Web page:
• Restorative Exercise

    In person: bi-weekly classes,
    one-to-one sessions, workshops
    Online: Live Classes and Workshops,
    Bunion Course

  • Workshops

    Move Your DNA 2-day Intensives
    April 18/19 TORONTO
    April 25/26 OTTAWA
    June 13/14 GABRIOLA

  • Online

    Now offering Live instruction via
    Core to Coeur: Weekly class,
    monthly workshops!

Balance and Proprioception

What is balance? What is proprioception? Are they related?

Let’s start with standard definitions.

From Wikipedia:

Proprioception, from Latin proprius, meaning “one’s own”, “individual”, and capio, capere, to take or grasp, is the sense of the relative position of one’s own parts of the body and strength of effort being employed in movement.

(my note: this term seems to have come to use first in the early 1900s)

Balance: (noun) 1. an even distribution of weight enabling someone or something to remain upright and steady.

  1. A condition in which different elements are equal or in the correct proportions.


Using these definitions, you could say one uses proprioception to maintain balance. But you use proprioception for more than balancing. Balance is what we usually think of as not falling down; staying upright. I’ll address the second definition of balance in a separate post.

Let’s look at a master of proprioception: Soetkin cat, who happens to be one of my favourite movement teachers. Soetkin likes to jump onto the fence and from there onto the top of a pergola that spans the length of our city yard, to the top of the garage from which she can watch birds in the neighbour’s tree (no, she’s never caught one, and she’s on a harness and leash). When she’s had enough, she walks down the pergola to the end, where I am suppose to stand waiting for her, and she jumps down onto my shoulders and to the ground. It’s a routine that we might go through several times a day.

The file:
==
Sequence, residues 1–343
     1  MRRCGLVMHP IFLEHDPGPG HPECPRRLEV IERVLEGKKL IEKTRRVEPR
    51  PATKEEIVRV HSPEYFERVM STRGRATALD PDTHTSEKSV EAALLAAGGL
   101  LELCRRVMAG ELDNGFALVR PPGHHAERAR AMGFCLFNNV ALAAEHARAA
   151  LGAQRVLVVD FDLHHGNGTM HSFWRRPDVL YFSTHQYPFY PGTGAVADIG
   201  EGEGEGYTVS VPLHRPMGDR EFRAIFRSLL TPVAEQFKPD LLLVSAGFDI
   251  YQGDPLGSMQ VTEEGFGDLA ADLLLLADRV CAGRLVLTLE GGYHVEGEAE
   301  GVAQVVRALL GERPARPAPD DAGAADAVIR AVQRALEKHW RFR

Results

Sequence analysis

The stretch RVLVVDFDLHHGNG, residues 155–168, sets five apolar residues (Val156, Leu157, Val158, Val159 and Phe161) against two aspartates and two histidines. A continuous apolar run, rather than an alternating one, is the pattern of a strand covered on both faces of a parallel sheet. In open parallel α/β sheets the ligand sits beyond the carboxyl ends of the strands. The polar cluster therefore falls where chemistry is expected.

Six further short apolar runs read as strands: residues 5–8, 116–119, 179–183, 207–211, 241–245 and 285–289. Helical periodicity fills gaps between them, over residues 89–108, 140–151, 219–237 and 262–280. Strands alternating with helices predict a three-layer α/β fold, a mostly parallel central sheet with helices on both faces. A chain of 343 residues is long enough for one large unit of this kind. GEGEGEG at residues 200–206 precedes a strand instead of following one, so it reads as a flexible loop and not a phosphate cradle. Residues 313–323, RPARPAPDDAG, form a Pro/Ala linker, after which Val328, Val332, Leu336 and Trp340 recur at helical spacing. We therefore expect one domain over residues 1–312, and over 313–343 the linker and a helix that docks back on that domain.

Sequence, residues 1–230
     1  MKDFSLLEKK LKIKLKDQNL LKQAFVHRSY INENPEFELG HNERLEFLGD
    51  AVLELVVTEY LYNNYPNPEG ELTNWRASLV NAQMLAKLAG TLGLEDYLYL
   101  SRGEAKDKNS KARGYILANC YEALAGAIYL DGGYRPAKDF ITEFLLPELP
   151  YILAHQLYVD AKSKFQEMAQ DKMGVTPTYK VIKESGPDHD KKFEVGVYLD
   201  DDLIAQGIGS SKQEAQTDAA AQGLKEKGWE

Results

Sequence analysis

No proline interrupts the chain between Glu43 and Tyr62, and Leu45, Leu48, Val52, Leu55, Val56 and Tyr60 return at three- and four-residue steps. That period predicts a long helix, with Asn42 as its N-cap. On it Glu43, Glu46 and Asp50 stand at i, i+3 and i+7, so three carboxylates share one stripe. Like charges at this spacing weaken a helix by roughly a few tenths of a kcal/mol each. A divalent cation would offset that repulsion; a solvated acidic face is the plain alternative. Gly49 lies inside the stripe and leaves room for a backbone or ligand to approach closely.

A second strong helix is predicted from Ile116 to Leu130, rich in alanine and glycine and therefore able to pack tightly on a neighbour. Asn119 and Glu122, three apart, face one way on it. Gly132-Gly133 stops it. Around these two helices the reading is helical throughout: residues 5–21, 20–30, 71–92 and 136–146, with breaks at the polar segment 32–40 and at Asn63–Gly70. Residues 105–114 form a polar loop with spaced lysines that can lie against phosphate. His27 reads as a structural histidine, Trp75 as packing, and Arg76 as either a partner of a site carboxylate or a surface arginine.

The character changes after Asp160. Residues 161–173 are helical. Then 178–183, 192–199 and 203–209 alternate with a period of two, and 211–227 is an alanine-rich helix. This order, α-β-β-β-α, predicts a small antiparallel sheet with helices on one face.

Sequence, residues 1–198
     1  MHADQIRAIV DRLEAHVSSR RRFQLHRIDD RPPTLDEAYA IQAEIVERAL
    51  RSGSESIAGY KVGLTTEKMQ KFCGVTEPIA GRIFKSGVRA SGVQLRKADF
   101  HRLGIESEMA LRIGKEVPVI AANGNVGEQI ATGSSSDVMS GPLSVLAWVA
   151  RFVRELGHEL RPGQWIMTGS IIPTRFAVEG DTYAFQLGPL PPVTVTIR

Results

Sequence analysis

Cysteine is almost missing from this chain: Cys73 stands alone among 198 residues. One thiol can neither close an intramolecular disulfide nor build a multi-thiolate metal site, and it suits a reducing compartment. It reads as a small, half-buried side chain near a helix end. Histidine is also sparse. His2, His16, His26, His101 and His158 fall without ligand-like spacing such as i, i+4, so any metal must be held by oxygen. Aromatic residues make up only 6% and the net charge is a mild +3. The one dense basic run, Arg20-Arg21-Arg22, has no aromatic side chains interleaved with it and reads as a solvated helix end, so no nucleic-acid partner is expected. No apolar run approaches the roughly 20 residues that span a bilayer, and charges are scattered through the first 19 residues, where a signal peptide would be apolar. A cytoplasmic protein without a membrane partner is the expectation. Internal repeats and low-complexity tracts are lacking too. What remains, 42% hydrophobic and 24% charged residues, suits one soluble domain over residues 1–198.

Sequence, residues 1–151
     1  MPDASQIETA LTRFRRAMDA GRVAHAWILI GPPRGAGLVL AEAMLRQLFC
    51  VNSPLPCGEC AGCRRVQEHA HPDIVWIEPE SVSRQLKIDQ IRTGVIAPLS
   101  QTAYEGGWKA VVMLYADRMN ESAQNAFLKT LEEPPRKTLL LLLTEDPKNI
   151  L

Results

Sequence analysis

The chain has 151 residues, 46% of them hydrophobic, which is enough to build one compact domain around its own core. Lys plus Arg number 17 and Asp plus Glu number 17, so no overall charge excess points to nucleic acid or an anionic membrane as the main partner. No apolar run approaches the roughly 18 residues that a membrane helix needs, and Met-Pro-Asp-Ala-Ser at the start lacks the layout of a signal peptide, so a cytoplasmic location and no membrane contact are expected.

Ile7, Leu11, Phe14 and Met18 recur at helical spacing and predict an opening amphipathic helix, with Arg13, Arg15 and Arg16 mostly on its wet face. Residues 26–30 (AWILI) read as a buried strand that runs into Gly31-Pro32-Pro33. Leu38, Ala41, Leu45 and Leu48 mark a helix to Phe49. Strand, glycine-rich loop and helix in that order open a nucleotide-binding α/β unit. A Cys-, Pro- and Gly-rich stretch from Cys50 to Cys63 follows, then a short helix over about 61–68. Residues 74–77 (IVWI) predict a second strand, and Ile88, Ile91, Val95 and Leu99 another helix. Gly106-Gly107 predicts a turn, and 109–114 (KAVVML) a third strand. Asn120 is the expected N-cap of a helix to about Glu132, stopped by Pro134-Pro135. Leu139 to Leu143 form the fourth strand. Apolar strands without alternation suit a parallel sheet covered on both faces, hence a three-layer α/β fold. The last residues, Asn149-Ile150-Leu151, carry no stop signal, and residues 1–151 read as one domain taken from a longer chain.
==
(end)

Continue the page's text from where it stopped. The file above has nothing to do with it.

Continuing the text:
The pergola is made with 2x10s running sideways, with a 2×2 (really 1.5” wide) running down the length. For some reason, she prefers to walk with one side of her body walking on the 2x2s and the other two feet have to span a gap of about 1 foot and land on the top of the regularly spaced 2x10s. She is doing different things with the right and left sides of her body, she never puts a foot wrong, and yet she does not have to look at her feet. She just knows where her feet will be. A miscalculation would mean a drop of about 8.5 feet. How would you feel walking on a board the same width as your foot, 50 feet in the air (relatively)? Would you be as casual?



I’ve also seen her leap onto a counter, table or ledge without really knowing what she’s going to land on until she’s over it about to descend. She needs to calculate the height from which to suspend herself momentarily to make a split second decision as to where to place the feet coming down. If she were to leap extra high, she’d come down with more force (using more energy than necessary too). So she’s also a mathematician/physicist.